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Sun measures HPC backorders in petaflops

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SC08 Hot on the heels of job cuts that will see some 5,000 to 6,000 company employees given pink slips, John Fowler, the executive vice president in charge of the newly constituted Systems Platforms group at Sun Microsystems, was on hand at the SC08 supercomputing trade show to give a preview of products that Sun will be rolling out in the coming months.

While HPC server clusters have not traditionally been a strong area for sales for Sun, the company certainly sold a lot of workstations and servers in its day to government labs and academia in the 1980s and 1990s, and the advent of the "Starfire" 64-processor E10K servers in the mid-1990s put the company on the map in the data center and in a large number of HPC centers around the world. The lateness of the UltraSparc-III systems, the disappointing performance of its "Wildfire" interconnect, and the rapid adoption of commodity clusters running Linux took some of the wind out of Sun's HPC business, which Fowler estimates (very roughly) to be around $1bn today.

"Sales are definitely going up, but it is still a small part of Sun," Fowler says. But the good news, if you are a Sun executive or shareholder, is that Sun's backlog in HPC orders is now measured in petaflops.

With its substantial investment in hardware engineering for InfiniBand switches, blade servers, dense storage arrays, and sophisticated software, such as ZFS and the Lustre file system for HPC workloads, and its embracing of Linux, Sun is hoping it can catch hold of some of the growth in the HPC market, which is outpacing the overall server market and is, in some ways, immune to the current downturn because funding for HPC systems is already in place and budgeted. (Two years from now may be an entirely different story for all HPC system vendors if the economy doesn't improve). Part of winning future deals is to talk about future products, something that Sun needs to do not just because of HPC budget horizons, but because of its worrisome financial circumstances.

First up in the Sun preview at the SC08 trade show is a forthcoming two-socket blade server that packs two whole servers onto a single blade as well as native quad data rate InfiniBand links coming right off the board (QDR for short, and that's 40 Gb/sec). The current Sun blades used in its "Constellation" InfiniBand blade clusters rely on PCI-Express cards to plug into the blades and interface with the "Magnum" InfiniBand switch that is at the heart of the Constellation setup.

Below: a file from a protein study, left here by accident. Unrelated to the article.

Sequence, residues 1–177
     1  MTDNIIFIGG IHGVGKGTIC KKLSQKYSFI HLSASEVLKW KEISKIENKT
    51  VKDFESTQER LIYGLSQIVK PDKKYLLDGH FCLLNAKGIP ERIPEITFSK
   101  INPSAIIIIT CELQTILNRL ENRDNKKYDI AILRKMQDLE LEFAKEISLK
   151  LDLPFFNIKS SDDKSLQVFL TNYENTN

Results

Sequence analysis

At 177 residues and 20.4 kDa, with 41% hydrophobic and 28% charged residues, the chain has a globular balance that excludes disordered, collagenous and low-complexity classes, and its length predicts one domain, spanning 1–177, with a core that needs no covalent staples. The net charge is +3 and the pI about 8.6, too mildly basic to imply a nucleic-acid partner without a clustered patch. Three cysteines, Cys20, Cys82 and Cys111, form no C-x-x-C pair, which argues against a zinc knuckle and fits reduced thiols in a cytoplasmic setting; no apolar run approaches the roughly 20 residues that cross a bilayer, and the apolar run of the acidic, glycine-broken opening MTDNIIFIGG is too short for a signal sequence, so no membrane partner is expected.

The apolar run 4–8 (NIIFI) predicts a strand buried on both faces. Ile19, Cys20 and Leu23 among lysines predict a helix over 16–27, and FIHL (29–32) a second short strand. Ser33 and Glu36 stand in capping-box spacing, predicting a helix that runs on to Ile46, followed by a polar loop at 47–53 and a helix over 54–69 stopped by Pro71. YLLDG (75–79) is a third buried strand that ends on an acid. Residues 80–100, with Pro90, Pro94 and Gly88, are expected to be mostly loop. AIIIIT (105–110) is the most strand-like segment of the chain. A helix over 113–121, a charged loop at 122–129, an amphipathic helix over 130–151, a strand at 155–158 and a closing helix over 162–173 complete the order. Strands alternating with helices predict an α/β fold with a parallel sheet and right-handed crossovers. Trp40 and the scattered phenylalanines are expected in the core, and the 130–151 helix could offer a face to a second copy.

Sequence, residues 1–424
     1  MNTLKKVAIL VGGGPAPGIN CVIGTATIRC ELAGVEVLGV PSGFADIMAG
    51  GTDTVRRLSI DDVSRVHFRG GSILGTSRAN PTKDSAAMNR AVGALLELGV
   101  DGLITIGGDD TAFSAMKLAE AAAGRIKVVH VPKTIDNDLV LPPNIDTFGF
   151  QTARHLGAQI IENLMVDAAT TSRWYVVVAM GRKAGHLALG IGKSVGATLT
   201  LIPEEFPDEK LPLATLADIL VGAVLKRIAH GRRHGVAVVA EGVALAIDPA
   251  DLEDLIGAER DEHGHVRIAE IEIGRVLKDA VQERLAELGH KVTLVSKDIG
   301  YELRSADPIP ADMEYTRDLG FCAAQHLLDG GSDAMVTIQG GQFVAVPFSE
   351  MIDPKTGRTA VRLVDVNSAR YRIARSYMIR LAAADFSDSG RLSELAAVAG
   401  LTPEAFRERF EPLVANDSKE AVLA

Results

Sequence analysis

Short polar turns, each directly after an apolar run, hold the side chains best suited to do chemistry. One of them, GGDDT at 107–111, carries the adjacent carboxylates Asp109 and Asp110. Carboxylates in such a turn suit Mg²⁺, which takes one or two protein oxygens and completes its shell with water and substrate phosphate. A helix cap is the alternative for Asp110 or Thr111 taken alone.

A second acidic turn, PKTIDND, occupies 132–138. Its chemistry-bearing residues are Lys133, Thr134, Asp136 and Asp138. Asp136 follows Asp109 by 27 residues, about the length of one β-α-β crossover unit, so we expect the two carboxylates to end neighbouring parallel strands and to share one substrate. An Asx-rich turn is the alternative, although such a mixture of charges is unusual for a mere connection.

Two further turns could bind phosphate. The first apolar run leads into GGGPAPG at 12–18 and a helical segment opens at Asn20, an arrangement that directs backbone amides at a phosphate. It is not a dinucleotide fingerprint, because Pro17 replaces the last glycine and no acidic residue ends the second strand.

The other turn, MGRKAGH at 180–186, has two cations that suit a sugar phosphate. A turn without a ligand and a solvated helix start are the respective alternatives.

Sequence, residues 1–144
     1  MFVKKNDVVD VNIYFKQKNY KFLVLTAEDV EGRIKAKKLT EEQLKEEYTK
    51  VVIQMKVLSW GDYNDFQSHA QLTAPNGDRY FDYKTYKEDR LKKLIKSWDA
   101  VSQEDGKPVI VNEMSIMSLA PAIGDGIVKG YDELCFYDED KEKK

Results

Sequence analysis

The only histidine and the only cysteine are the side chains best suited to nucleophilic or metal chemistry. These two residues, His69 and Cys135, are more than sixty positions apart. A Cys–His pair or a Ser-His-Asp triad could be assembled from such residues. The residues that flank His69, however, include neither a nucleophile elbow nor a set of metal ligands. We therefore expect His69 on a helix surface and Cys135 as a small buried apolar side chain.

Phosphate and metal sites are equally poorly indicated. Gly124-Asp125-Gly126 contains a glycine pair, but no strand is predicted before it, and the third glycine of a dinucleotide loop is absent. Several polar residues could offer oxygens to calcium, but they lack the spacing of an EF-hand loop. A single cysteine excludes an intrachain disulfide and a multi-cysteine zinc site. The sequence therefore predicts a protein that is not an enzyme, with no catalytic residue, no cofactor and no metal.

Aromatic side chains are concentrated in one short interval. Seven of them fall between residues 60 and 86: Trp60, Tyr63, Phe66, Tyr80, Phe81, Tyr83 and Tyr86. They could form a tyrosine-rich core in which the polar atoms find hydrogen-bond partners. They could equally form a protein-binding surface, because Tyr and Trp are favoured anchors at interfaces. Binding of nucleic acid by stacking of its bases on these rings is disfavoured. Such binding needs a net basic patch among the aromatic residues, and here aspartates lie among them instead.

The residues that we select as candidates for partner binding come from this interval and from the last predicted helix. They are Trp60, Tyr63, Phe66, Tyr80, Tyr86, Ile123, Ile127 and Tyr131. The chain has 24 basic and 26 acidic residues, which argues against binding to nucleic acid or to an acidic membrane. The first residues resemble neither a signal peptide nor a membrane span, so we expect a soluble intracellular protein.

Speaking of which: The Magnum switch is being given a rev and will soon have 648 ports running at QDR. The current Magnum switch has 3,456 ports running at the dual data rate. Fowler says that despite the advances of 10 Gigabit Ethernet compared to Gigabit Ethernet, Sun picked InfiniBand for HPC workloads and is sticking with it. "InfiniBand will be the performance leader," Fowler says. "If you want the best numbers - lowest latency, lowest watts per byte, what have you - you are going with InfiniBand."</p.

Moreover, InfiniBand is available at 40 Gb/sec today and will be at 80 Gb/sec soon enough, and customers can gang up InfiniBand lanes to double up bandwidth as well. Moreover, InfiniBand doesn't drop packets, as Ethernet does, says Fowler. "Still, we're not going to position this as an InfiniBand versus Ethernet thing."

No, but Sun is certainly expecting customers to do that, particularly when the higher bandwidth of flash-assisted storage arrays start to really put pressure on interconnection networks in server clusters.

Which brings us to second product Sun was previewing at the show: Yet another variant in its so-called open storage lineup, which is a rack of storage arrays with hundreds of hard disks and flash disks delivering very high bandwidth. More details of this product, which is apparently code-named "Genesis," were not available. (And if you peek into the cabinet, you can't see anything).

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